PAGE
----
Quick Reference

Time Period:
Unknown - 1949?

Heath Pasture, MA

Oil on Canvas


Pastures, Landscapes & Views

25 x 30

Vose Galleries (Boston), 1949
Caution: There are two paintings with the same name. While not uncommon for Woodward to recycle names he liked, we have no idea which painting exhibited at the 1949 Vose Gallery in Boston.




There are two paintings with the same name. This painting does not have a painting diary entry where RSW clearly describes the scenery. The other painting is also painted from the Heath pasture but excludes the iconic Beech Tree. The numbering is not indicative of their chronological order. We have no idea which painting came first.

Related Links

Featured Artwork: Heights of Heath #2

RSW's Diary Comments

The diary comment for Heights of Heath #1:

"Painted from west window of Pasture House in the early summer of 1947. Flat, horizontal pasture stretches in low foreground, with very dark small, symmetrical pine in left center, silhouetted against the horizon band of distant blue mountains crowned by rounded Greylock. A dramatic tangled mass of summer clouds, broken by small patches of blue tubes up the upper 2/3 of the canvas."

Additional Notes

...continued from Heights of Heath #1

We have established that Woodward used the word "heights" frequently in names of his paintings between 1931 and 1941 and that his brush style often indicates what decade he painted something but the style of the painting above does not seem to fit the time period. This is not an exact science, we could very well be wrong, but if we are not then what are the possibilities this painting was painted later than 1947 the year Heights of Heath #1 was painted and how could Woodward leave it out of his Painting Diary?

It is a weak argument based purely on speculation but as the late forties got closer to the 1950s many of Woodward's records start to thin out. The year a painting titled Heights of Heath exhibits at the Vose gallery in Boston in 1949 is just 3 years from when Woodward would retire from painting entirely. We know from his 1949 personal diary that he was struggling both physically and emotionally. It is a dark time from him. He is feeling isolated and alienated, with growing concerns financially. Mark, whom he loved like a son, has been away for six years serving in the miltary in WWII and upon his discharge went away for school. His mother is also declining and is now in a nursing facility in Greenfield. She is 92 years old, and truly was his heart and soul. She will pass in 1950.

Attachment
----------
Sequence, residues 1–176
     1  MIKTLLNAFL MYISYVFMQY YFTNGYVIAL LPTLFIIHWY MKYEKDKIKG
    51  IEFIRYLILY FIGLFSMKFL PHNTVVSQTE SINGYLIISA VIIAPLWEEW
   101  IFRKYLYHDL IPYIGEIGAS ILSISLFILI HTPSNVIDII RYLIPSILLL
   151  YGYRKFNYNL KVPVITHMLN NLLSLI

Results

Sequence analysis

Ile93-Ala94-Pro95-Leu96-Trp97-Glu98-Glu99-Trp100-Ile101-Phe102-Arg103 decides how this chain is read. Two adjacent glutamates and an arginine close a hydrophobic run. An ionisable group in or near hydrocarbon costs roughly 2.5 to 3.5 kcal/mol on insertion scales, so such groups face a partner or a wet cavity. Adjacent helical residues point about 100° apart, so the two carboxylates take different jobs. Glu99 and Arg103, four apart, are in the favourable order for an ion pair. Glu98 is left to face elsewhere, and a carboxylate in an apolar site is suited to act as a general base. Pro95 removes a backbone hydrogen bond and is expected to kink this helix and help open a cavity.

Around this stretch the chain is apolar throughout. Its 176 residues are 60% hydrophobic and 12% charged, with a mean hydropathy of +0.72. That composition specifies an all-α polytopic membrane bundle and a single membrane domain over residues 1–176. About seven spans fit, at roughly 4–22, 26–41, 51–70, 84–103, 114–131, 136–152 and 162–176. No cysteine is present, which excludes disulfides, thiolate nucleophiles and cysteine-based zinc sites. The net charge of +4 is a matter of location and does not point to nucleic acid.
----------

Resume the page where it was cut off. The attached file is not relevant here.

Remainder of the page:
Woodward's mother, Mary Strong
Woodward's mother, Mary
Strong, around 1940 sitting by
the bay window at Southwick.

While Woodward still painted beautiful paintings he painted less frequently. We believe he did a lot of things less frequently, like keep up on his record keeping. He is developing some sort of neuromuscular disorder effecting his hand control to which his mother also suffered and his stomach issues that have plagued him his entire life due to the injury he suffered in 1906 are worsening. He is in a great deal of discomfort.

His Heath Pasture Place would burn in 1950 and so it is possible that this painting is one of the last Beech Tree paintings Woodward made. Could it also be the painting that hung at Vose? While it may never be known, it is rare for a painting Woodward liked to sit in his studio for two years before exhibiting. It makes much more sense that a painting he painted in 1949, also exhibited in 1949. With that being said, there are examples where paintings sat for a while before exhibiting. Still, much of this is attributed to Woodward's productivity. For instance, records show that only 8 new paintings exhibited in 1930, but 1931 records show as many as 150+ new paintings. No one believes Wooward painted 150 paintings in a year. The math alone cancels the possibility. He would have to paint 3 paintings a week, not taking any days off. It is reasonable to think he had been painting frequently over a year, or a year and a half period of time when "new paintings" were less frequently appearing at shows. He has to unload the old merchandise before he can show new material. This is not the case between 1947 and 1949.